Sponsored by KPMG
Photo courtesy of KPMG.
In her role today, Grace Jung is a Senior Associate in KPMG’s Cybersecurity Services, where she delivers large-scale modernization initiatives for their clients. “I am the go-to person for my client, and I oversee our team’s work to help ensure that we are consistently delivering work products with quality and proactively mitigating risks,” she explains.
Using her cybersecurity and program management background as well as her ability to lead cross-functional teams and collaborate with diverse stakeholders, Jung excels at this role, and it would be easy to think that she’s been in this field for a long time. However, Jung hasn’t always been in cybersecurity — in fact, she didn’t even have a technical background when she started! So, how did she get where she is today?
“I proved myself by demonstrating what I’m capable of,” she states, “but breaking into my profession would have been difficult if someone hadn’t taken a chance on me by opening the door to cybersecurity.” Welcoming of career pivoters is key in the cybersecurity field. “With the cyber talent shortage, we need to be more open-minded about recognizing talent and upskilling capable people,” notes Jung. “I am so grateful for the support given to me, and I feel strongly about offering the same to those that come after me.”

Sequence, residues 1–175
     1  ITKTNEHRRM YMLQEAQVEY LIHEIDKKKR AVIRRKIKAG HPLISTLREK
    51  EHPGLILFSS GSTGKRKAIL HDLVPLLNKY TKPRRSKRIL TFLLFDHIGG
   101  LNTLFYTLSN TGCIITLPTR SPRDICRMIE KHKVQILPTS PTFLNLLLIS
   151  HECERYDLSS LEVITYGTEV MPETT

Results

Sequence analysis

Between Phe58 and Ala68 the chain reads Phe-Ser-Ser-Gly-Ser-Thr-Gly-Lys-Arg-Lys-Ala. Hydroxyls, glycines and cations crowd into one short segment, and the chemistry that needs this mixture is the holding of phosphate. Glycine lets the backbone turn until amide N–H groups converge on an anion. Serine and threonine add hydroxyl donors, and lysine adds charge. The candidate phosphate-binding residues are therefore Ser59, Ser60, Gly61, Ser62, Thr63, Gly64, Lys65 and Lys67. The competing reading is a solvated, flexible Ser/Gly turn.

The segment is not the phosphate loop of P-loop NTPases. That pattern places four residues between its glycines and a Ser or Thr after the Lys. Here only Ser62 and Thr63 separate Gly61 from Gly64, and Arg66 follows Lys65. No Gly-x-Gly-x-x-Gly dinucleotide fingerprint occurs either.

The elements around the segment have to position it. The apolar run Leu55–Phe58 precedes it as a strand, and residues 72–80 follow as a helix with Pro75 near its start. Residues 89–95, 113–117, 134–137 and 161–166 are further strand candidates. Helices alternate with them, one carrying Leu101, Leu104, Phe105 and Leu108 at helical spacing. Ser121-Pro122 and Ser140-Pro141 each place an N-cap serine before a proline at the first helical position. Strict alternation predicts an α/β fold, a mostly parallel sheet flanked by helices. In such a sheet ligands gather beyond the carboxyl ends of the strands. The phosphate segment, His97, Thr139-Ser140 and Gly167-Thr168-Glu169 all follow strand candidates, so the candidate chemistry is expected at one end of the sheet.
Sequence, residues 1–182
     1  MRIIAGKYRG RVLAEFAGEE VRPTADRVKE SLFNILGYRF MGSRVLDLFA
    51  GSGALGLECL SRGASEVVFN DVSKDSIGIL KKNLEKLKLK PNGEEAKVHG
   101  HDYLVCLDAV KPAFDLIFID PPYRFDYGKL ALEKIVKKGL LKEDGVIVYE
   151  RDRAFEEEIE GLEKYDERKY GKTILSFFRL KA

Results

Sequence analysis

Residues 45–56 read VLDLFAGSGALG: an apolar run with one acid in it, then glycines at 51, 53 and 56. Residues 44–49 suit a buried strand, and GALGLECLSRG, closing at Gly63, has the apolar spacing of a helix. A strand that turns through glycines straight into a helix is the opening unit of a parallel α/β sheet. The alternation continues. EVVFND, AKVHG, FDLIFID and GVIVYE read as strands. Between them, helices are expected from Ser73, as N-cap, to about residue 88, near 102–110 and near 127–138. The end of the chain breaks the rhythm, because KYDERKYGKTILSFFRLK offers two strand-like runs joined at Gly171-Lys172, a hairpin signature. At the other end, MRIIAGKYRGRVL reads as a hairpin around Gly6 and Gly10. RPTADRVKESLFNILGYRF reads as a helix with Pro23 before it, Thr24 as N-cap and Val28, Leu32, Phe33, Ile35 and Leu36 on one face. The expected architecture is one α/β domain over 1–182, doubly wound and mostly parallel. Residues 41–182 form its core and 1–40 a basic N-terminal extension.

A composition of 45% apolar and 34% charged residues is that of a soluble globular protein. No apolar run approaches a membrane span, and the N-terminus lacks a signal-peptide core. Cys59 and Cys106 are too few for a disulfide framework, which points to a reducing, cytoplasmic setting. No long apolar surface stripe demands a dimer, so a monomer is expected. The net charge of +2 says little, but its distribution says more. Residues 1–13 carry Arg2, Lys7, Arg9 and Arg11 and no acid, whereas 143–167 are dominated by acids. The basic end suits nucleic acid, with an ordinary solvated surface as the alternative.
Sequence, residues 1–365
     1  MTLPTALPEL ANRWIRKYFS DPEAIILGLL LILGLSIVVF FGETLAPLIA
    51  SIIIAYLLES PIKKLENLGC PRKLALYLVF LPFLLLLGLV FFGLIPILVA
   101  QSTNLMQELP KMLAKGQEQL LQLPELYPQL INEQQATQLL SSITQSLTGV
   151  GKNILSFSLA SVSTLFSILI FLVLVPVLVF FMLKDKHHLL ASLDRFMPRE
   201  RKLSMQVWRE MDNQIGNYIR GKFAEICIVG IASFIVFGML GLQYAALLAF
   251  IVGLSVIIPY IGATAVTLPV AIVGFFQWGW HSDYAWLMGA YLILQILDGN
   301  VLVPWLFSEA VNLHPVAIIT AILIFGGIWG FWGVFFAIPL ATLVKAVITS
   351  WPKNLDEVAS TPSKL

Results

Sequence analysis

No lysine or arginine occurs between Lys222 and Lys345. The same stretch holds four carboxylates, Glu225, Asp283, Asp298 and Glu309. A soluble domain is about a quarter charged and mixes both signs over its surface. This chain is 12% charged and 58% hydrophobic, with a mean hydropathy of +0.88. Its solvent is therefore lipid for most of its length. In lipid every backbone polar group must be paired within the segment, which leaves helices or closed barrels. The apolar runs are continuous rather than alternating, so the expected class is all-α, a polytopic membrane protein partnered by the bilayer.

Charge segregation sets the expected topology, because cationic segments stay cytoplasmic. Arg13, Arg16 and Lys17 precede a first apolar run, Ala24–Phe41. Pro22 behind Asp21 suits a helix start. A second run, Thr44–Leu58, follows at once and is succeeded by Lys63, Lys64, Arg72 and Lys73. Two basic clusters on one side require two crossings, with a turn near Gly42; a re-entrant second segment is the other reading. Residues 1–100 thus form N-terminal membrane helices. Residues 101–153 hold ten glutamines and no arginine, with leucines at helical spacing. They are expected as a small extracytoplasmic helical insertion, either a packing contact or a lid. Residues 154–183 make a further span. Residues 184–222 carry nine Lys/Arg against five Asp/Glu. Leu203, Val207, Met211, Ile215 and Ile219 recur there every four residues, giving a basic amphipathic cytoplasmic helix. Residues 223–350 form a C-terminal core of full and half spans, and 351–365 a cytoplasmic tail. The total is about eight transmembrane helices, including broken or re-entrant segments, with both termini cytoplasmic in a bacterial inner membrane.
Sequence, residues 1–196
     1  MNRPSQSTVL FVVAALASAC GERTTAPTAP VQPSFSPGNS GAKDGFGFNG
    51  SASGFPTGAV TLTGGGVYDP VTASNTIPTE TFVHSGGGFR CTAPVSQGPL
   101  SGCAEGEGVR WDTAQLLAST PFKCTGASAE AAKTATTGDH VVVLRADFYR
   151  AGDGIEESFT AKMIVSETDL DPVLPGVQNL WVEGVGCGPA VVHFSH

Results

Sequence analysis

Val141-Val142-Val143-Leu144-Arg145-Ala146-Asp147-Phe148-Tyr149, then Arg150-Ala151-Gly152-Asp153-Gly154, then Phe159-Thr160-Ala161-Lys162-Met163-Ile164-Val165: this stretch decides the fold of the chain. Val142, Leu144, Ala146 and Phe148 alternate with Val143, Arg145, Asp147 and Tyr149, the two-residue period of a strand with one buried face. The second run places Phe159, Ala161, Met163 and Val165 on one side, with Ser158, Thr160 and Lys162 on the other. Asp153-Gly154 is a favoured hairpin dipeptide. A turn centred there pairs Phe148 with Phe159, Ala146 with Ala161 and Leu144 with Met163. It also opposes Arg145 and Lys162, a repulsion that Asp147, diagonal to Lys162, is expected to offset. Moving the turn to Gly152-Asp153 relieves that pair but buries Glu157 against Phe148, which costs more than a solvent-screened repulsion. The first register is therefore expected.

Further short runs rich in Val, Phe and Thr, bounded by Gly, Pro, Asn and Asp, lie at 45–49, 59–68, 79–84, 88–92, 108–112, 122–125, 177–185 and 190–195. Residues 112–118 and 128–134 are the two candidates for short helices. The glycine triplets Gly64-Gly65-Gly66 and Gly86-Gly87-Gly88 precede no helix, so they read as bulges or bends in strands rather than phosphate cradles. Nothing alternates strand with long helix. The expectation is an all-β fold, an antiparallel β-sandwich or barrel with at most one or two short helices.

This dedication to help others is why, in addition to client delivery, Jung invests her time in leading the Identity and Access Management (IAM) Community Enablement Team and supporting their Women in Cyber group. She considers her participation in these employee groups as an important element of her authentic identity.
“In addition to client work, a crucial part of my development is to invest in the broader IAM network,” Jung tells us. “When you share your authentic self — your strengths along with your vulnerabilities — trust increases, relationships strengthen, and everyone benefits. I’ve had opportunities at KPMG to precisely do that, and I’m looking forward to continuing to impact our people.”
Want to hear more? Read on for your daily dose of career inspiration, including how Jung pivoted her career to become the tech leader she is today, how her company supports her efforts, and her best advice for taking charge of your own career.